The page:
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Trial OKd for Japanese man in '81 killing

Kazuyoshi Miura can be tried for conspiracy, not murder, judge says.

September 27, 2008|Jack Leonard | Times Staff Writer

A Los Angeles County judge ruled Friday that prosecutors could pursue their case against a Japanese businessman in the 1981 slaying of his wife in downtown Los Angeles, saying the man's earlier acquittal in Japan in the murder case did not prevent him from being tried in California for conspiracy to commit murder.

The decision marked a partial victory for Los Angeles County prosecutors, who had hoped to try Kazuyoshi Miura for murder as well. Prosecutors resurrected the case in an effort to close the book on a local murder mystery that has transfixed the Japanese public for nearly three decades.

Miura remains incarcerated in Saipan, where he was arrested earlier this year in connection with the Los Angeles-based charges.

A decision on his extradition to California could be made as early as Monday.

Miura's attorney, Mark Geragos, said outside court that he was gratified by the decision to dismiss a murder charge against Miura but disappointed that the conspiracy charge was allowed to stand.

He said he hadn't decided whether to appeal or wait to file new arguments in Los Angeles if Miura is extradited.

Prosecutors contend that Miura staged his wife's killing, claiming that she had been shot by street thugs. He was initially viewed as a tragic hero but was later accused of masterminding the killing in a bid to collect about $700,000 in life insurance.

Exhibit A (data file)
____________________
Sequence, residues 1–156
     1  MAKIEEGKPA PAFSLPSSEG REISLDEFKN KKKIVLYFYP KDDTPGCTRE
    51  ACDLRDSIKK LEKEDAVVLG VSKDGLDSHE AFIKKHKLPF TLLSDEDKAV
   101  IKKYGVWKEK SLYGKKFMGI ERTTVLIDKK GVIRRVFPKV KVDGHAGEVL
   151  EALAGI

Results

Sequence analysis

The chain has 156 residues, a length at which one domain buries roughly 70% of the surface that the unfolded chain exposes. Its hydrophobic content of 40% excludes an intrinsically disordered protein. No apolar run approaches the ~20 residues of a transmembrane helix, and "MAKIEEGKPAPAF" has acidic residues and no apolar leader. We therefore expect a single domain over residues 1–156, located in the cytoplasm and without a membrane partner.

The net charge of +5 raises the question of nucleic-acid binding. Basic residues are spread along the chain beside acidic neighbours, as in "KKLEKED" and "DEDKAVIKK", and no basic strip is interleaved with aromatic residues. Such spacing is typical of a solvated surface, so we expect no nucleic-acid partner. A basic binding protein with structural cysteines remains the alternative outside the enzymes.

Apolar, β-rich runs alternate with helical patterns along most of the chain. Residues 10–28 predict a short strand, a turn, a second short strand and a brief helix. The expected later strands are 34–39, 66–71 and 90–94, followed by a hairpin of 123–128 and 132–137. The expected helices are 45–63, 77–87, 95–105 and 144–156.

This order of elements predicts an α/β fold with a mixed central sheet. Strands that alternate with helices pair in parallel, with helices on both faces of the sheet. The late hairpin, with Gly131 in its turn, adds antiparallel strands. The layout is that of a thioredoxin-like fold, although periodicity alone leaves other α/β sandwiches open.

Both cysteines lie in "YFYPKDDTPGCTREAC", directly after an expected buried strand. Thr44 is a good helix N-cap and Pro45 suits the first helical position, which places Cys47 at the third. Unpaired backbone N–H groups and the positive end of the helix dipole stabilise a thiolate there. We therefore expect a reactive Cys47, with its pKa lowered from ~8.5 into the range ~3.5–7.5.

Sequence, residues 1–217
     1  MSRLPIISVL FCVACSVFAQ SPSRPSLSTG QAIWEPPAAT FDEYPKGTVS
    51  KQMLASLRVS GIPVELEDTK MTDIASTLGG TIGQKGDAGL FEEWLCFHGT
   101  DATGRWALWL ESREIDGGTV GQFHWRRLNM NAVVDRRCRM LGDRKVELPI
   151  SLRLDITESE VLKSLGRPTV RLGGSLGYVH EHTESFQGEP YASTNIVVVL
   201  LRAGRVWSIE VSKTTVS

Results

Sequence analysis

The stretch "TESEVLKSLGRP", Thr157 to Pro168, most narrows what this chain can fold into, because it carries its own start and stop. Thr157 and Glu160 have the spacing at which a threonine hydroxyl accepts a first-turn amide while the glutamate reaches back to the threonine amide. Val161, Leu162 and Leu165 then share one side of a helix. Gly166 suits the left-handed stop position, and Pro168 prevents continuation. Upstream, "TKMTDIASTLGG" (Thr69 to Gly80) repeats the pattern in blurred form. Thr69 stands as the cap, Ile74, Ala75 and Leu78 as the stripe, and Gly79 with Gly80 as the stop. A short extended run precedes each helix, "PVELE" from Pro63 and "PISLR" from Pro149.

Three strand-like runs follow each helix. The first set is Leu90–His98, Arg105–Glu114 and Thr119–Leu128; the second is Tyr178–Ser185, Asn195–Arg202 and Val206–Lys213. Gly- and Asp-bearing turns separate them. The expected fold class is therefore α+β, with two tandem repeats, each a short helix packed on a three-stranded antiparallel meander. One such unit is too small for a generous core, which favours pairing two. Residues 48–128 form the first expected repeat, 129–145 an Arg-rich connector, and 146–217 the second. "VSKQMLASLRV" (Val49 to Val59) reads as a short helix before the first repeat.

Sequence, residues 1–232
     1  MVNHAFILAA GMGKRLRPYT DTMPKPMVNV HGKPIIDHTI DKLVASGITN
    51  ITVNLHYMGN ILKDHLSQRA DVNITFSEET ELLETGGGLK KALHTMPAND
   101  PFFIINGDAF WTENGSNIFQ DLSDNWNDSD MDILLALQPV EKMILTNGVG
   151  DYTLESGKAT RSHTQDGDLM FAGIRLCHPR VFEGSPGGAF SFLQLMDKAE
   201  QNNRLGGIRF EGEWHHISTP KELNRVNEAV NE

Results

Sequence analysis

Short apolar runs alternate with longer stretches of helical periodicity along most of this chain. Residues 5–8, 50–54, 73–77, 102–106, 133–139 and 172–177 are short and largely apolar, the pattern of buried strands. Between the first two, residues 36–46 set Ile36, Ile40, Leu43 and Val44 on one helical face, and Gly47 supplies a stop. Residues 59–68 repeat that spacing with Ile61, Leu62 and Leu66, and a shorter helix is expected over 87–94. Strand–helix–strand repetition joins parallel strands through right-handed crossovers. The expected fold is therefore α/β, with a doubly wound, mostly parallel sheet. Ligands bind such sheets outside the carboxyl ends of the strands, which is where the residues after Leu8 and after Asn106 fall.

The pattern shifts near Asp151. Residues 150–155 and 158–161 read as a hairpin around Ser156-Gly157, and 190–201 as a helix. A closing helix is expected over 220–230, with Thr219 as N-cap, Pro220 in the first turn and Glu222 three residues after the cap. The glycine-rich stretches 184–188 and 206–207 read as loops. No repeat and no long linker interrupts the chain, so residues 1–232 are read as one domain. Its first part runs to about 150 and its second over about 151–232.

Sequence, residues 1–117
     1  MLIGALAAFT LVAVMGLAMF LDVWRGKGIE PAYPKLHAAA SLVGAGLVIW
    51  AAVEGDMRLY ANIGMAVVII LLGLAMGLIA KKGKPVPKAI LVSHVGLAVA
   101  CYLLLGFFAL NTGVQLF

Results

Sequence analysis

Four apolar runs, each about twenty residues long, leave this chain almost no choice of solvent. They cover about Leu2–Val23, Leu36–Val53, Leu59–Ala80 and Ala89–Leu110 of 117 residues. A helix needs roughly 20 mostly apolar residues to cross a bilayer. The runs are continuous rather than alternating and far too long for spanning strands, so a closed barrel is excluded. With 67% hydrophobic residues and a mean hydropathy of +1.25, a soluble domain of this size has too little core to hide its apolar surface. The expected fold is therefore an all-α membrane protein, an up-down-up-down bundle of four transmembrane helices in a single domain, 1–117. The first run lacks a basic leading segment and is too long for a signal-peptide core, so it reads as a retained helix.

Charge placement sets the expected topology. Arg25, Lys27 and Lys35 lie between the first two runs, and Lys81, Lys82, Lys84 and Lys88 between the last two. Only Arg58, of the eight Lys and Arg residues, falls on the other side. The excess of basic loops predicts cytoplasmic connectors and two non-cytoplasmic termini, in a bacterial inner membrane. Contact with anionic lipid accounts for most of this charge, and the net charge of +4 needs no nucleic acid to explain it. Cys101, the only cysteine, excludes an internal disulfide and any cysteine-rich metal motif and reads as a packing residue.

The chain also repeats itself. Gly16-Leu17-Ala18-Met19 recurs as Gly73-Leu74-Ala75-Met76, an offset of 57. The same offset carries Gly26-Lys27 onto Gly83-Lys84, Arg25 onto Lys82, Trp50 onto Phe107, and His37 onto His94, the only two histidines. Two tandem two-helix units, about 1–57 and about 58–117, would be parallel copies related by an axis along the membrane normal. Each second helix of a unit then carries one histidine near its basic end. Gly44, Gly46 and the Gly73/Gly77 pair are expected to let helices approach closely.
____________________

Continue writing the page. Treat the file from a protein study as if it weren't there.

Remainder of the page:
Friday's ruling by Superior Court Judge Steven Van Sicklen in Torrance hinged on whether bringing Miura to trial in Los Angeles would violate the constitutional ban on double jeopardy.

Miura, who has maintained that he is innocent, was convicted of murder in Japan in 1994 and sentenced to life. But four years later, the Tokyo High Court overturned the verdict and acquitted him, concluding that there was not enough evidence to prove his guilt.

California law long held that a defendant acquitted overseas could not be tried in the state for the same crime. In 2004, however, state lawmakers removed the double jeopardy protection for those tried overseas, a change that county prosecutors said paved the way for Miura to stand trial in L.A.

Local prosecutors never dismissed the murder and conspiracy charges they had filed against Miura in 1988. But for as long as he stayed in Japan, Miura remained out of reach.

Last year, however, he advertised on a blog his plans for a possible visit to the U.S. territory of Saipan. He was arrested in Saipan in February as he tried to return home to Japan.

Miura's attorneys argued that he could not be tried again because his acquittal in Japan predated the change of law in California. But Los Angeles prosecutors disagreed, arguing that they should be allowed to at least charge Miura with conspiracy to commit murder because he was never charged with such a crime in Japan.

Until Van Sicklen's ruling, Miura had been facing charges that carry a possible death sentence. Conspiracy to commit murder carries a prison sentence of 25 years to life.


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